Is it Time to Move on From Nelson Cruz?
Image courtesy of © Jesse Johnson-USA TODAY SportsNelson Cruz has operated as the designated hitter for the Minnesota Twins each of the past two seasons. In 2020 he was playing in his age-39 campaign and turned 40 years old in the midst of it. Looking for a two-year deal on the open market as a free agent, the exceptionally well cared for body will be 42 years old by the time said deal expires. Rocco Baldelli will have a huge hole in his lineup without the Dominican napper, but should the front office look to fill that with someone else?
You can’t make a case against Cruz without first looking at what he’s provided. His .992 OPS in 2020 was the second-best mark of his career, topped only by the 1.031 total in 2019. He blasted 16 dingers in just 53 games and any concerns about a wrist tendon seem to be all but gone. With the designated hitter expected to remain universal, he’ll have no games in which Minnesota is forced to sit him from the lineup, and he remains dialed into his body and health more than any other athlete can claim.
So, why wouldn’t the Twins look to bring him back?
I don’t think there’s a case to be made from a financial sense. After signing Josh Donaldson to a franchise record deal last offseason, and being in the middle of a competitive window, payroll should continue to rise in the years ahead. Even if a Cruz contract goes belly up, there’s hardly an argument to make that the Twins couldn’t simply absorb that hit. Spending for the sake of doing so never makes sense, and it’s why payroll hasn’t been the issue in recent memory. Spending when you’re a contender is such a logical ask, the Twins doing anything but for at least the next couple of years would be worthy of handwringing.
The only assessment to make when it comes to Nelson Cruz is on the basis of production, and where Father Time ranks in the list of detractors. At some point age is always undefeated, and while David Ortiz experienced a similar final season outburst, there’s hardly a guarantee the production would’ve continued forward. With Cruz, it’s fair to wonder when that time may be coming, and just how steep the decline will be.
2020 is a difficult year to assess from a statistical landscape given the small sample even considering its entirety. However, it’s still worth wondering if anything can be gleaned from short snippets of the season. Cruz raced out to a really strong start and was pacing the league in homers for a time. As the Postseason push came to a head though, he slowed some. Over his final 20 games Cruz slashed just .265/.383/.426 with three home runs. He didn’t homer in his final 10 games including the playoffs, and that dry spell tied a season long dinger absence. An .809 OPS as a low point in a 162-game stretch would be hardly anything to scoff at, so the hope would be a cold streak rather than a decline.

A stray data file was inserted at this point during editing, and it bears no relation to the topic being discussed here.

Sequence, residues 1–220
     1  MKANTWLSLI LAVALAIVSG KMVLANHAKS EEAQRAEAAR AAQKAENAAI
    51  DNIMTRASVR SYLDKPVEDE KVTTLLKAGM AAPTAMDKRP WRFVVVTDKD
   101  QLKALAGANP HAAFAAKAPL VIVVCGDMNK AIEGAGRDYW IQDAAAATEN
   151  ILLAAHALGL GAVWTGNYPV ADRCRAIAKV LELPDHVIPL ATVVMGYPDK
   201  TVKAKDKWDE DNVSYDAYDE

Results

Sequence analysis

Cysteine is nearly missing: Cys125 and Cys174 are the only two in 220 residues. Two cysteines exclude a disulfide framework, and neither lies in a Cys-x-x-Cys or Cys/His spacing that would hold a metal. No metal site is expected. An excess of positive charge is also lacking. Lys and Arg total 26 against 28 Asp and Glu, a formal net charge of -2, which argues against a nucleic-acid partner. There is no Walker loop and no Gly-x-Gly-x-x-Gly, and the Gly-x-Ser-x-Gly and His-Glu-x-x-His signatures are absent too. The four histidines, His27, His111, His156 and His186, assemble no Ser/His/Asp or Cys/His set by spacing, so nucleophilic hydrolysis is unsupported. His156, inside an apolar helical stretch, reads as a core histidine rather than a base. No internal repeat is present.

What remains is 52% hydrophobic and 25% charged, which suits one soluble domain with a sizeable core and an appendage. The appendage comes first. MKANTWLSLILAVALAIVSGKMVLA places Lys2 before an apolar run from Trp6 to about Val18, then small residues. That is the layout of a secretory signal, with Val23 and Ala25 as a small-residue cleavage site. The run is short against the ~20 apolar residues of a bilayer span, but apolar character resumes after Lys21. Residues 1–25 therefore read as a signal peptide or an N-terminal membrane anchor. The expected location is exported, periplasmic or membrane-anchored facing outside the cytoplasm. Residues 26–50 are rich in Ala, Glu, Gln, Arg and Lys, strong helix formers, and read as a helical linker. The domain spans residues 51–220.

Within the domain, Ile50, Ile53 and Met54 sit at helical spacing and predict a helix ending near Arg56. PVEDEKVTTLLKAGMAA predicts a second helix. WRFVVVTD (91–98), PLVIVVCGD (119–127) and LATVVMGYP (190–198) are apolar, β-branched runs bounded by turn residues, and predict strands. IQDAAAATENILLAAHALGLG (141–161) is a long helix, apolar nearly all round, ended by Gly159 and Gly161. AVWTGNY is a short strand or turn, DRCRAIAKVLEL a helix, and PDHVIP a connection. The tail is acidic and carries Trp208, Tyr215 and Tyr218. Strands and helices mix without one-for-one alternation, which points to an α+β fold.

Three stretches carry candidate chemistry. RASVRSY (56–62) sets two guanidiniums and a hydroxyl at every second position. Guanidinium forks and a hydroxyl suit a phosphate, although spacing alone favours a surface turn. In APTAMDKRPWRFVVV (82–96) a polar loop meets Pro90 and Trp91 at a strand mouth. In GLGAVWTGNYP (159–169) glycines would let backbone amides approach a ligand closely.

What is a bit more troubling is the swing profile that Cruz owned in the season that was. A year ago, Nelson posted an MLB leading 12.5 barrels per plate appearance and had the third highest average exit velocity in the game. His hard-hit rate was 51.5% trailing only Aaron Judge and teammate Miguel Sano. In 2020 Cruz’s barrel rate dropped over three percentage points putting him 27th in baseball. His average exit velo tumbled to 34th in the sport, and his hard-hit rate came in at just 37th (more than a 4% decrease).
None of the steps backwards represent an untenable path forwards. In and of themselves, they’re respectable numbers that you’d take from anyone in your lineup. What is bothersome is that the slide is relatively steep, and all of them speak to quickness of the lumber through the zone. What Minnesota needs to deduce is whether that’s reflective of normalization after a career year, or a veteran starting to see some signs of age.
We don’t often see players fall off in a comparable state. While there’s ranges that production wanes, how quickly and how drastically it happens remains individualized. I’d prefer that Minnesota did bring Cruz back, I think the level of familiarity and comfort makes it a good fit. The lineup probably needs more protection around him though, especially given the injury histories of some other key contributors. At some point there will need to be a transition from the Boomstick carrying the load to him being a cog in the wheel. Two years, hopefully with an option on the back half, would be the best-case scenario.
Nelson Cruz has staved off Father Time for quite a while. He was a late bloomer that has less tread on his tires as well. 500 homers are probably unlikely, but if he sniffs anywhere near that in the next two seasons, whoever he plays for will have gotten more than their money’s worth.
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